We all know that video streaming is now a major part of how we get our fix of entertainment. Services like Netflix and Amazon Prime Video have given us a huge bank of films and TV available from any device - even their own original, and increasingly popular, programmes.
Sport, however, has been a completely different ball game. A whopping 93% of sports viewing happens live and on TV. But with more than two-thirds of all internet consumer traffic expected to come video in 2017, that could be about to come to an end.
In April, the NFL announced that some American Football fixtures would be shown live on Twitter from autumn 2016. And now, BT Sport has announced that this season's UEFA Champions League and Europa League Finals will be broadcast free on YouTube.
BT Sport secured exclusive rights to show the competitions from the start of the 2015/16 season in a three-year deal worth nearly £900 million.
Christoph Pleitgen, senior vice president of business development of video creation platform, Wochit, said: "YouTube is a perfect outlet for BT Sport to attempt to maximise its audience, while also attracting the highest paying sponsors. With video content expected to make up a huge 69% of all consumer internet traffic in 2017, BT Sport is seeking to get ahead of the curve and go to where its audience now is."
He added: "This new approach, pioneered by many American sports recently, including baseball and basketball, sits outside the traditional UK model of exclusive television broadcasting. It will drive strong growth of viewership numbers and viewer engagement. BT Sport must have been paying very close attention to this development before making today’s significant decision.”
While the decision to air the Champions League and Europa League finals on YouTube is an indicator of how sports broadcasting may look in the future, innovation may not be the entire reason behind it.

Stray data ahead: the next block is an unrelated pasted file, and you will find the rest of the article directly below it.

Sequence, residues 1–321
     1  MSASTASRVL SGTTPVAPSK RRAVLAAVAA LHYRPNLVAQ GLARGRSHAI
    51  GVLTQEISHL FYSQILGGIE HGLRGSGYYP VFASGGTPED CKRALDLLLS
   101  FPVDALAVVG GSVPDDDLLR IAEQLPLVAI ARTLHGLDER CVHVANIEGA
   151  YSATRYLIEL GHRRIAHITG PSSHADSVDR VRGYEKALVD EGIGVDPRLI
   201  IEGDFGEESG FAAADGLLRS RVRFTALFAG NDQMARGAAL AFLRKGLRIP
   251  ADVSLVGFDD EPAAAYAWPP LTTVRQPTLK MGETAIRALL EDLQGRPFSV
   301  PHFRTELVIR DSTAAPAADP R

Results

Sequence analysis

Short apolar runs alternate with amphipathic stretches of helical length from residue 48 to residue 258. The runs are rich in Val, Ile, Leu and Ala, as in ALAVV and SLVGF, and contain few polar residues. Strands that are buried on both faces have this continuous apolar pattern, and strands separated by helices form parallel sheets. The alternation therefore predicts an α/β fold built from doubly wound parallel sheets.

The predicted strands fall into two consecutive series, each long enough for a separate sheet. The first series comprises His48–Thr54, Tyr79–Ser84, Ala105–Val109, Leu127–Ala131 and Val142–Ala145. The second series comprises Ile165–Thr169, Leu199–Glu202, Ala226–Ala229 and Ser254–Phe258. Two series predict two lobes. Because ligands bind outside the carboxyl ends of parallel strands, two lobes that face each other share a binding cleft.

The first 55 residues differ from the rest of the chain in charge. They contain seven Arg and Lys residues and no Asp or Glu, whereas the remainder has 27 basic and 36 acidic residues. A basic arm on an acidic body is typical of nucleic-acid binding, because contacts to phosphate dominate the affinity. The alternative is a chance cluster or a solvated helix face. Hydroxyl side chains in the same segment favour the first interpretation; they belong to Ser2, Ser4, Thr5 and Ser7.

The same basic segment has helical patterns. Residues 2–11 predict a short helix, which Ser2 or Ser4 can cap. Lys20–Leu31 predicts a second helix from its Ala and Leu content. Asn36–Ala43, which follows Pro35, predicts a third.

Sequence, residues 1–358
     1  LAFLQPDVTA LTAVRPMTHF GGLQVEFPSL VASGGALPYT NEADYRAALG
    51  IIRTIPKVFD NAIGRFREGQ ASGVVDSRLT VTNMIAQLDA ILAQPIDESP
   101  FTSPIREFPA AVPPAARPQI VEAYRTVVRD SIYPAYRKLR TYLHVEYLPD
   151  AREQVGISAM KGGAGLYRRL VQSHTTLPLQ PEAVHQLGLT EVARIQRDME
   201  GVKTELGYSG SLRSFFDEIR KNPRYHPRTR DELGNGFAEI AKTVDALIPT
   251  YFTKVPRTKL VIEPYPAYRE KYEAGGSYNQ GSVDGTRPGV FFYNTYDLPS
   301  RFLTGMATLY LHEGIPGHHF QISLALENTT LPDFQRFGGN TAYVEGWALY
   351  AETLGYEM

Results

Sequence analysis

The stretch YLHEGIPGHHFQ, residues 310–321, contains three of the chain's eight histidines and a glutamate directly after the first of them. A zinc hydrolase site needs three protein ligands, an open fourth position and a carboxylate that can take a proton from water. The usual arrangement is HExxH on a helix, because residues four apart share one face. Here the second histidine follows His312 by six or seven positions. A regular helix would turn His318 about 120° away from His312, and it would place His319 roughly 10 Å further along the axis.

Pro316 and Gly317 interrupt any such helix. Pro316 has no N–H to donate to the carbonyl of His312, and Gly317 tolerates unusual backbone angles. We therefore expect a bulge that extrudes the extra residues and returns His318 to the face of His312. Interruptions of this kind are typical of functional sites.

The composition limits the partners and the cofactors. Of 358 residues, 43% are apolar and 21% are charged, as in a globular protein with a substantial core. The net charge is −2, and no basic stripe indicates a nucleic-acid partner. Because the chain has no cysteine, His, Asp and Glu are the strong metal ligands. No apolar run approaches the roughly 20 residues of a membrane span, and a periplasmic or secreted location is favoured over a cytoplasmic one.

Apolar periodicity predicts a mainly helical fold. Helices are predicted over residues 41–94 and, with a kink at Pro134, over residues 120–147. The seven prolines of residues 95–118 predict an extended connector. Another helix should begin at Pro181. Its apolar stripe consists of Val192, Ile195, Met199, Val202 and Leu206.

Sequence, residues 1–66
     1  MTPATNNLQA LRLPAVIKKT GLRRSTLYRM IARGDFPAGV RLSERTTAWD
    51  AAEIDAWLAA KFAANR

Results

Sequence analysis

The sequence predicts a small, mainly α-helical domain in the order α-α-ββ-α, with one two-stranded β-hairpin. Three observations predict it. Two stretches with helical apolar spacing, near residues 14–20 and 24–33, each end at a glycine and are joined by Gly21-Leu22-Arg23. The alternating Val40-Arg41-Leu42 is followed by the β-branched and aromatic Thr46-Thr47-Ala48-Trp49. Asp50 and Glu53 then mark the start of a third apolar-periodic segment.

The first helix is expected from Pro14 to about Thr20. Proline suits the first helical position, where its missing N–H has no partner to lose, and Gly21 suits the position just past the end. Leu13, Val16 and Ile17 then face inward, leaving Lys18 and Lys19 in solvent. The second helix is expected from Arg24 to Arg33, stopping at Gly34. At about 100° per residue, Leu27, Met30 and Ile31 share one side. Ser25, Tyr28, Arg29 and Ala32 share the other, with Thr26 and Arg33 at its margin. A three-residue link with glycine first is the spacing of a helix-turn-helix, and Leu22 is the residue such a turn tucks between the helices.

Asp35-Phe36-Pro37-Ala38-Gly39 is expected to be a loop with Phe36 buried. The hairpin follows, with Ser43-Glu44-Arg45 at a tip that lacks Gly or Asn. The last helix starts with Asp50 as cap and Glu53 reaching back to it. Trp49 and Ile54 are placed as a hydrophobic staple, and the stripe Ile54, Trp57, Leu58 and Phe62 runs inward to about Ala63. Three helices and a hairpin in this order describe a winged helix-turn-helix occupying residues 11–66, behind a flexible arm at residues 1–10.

BT Sport has suffered dismal viewing figures in its debut season as the exclusive broadcaster for European football. As part of its bid to secure the broadcast rights, BT Sport aired 12 fixtures featuring English club on BT Showcase - a free-to-air channel showcasing what a full-blooded BT Sport offers. But those 12 matches attracted a dismal average 200,000 viewers across the free BT Showcase and paid BT Sport, compared with an average 792,000 SkySports and 4.96 million ITV viewers for the play-offs and group stages. And ITV still managed to attract 1.3 million viewers to a Wednesday highlights programme.
And UEFA is understood to be concerned about the weak viewing figures. Although the broadcast deal saw UEFA receive more for television rights than ever before, it is likely to be coming under increasing pressure from its sponsors - sponsors which pay to be put in front of the widest possible audience. And so far this season, BT Sport has not provided an audience anywhere near as wide as the previous combination of SkySports and ITV.
It has therefore been reported that UEFA is reconsidering its approach to the bidding process for the 2018-2021 broadcast right contract. Whether or not it will seek for a return to a combination of a free broadcaster like ITV and a paywall broadcaster like SkySports or BT Sport, or demand an dramatic improvement in BT Sport's free offering, remains to be seen.
What we do know is that this season's Champions League final, between Atletico Madrid and Real Madrid, and Europa League final between Liverpool and Sevilla, will spark a change in the way broadcasters think about their coverage.